A federal court has found that marketers of bogus remedies for treating and preventing diabetes violated Section 5 of the FTC Act, and has ordered them to pay nearly $2.2 million. The FTC will use the funds it recovers to reimburse consumers.
The court has prohibited the company – Wellness Support Network Inc. – and its two principals, Robert Held and his daughter Robyn Held, from claiming without rigorous scientific proof that their supplements would treat and prevent diabetes, and from making other deceptive claims.
The FTC’s case against Wellness Support Network Inc. is part of its ongoing efforts to stop bogus claims that unproven remedies can be used to prevent and treat serious diseases such as diabetes and cancer.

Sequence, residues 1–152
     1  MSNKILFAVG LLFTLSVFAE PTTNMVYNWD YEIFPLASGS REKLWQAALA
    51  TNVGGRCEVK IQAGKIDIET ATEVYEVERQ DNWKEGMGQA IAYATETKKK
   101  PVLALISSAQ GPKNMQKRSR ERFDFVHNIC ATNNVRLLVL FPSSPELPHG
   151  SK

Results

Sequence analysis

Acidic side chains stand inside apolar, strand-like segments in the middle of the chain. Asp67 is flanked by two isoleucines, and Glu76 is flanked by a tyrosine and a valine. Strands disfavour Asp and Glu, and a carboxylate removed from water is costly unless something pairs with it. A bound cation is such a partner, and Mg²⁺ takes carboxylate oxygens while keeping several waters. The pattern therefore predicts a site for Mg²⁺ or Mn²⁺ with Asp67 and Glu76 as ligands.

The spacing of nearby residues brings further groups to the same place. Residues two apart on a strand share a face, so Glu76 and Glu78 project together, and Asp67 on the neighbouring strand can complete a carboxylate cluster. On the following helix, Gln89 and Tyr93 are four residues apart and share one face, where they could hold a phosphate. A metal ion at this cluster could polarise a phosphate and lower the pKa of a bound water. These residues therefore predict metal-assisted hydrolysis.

The packs contained blends of vitamins, minerals, and plant extracts. The Diabetic Pack was touted as a treatment for diabetes, and the Insulin Resistance Pack as a means of purportedly reducing insulin resistance and preventing diabetes. Both packs had the same ingredients. There is no evidence in support of the claims made.
As is usual with these types of supplements, the only evidence presented to the consumer were testimonials. There is no way to tell if those are true. If you see such an incredible claim being made that is so at odds with what you have heard is true, that is, it’s TOO good to be true, it probably is bunk.
Get the documents here.
Tip: Tim Farley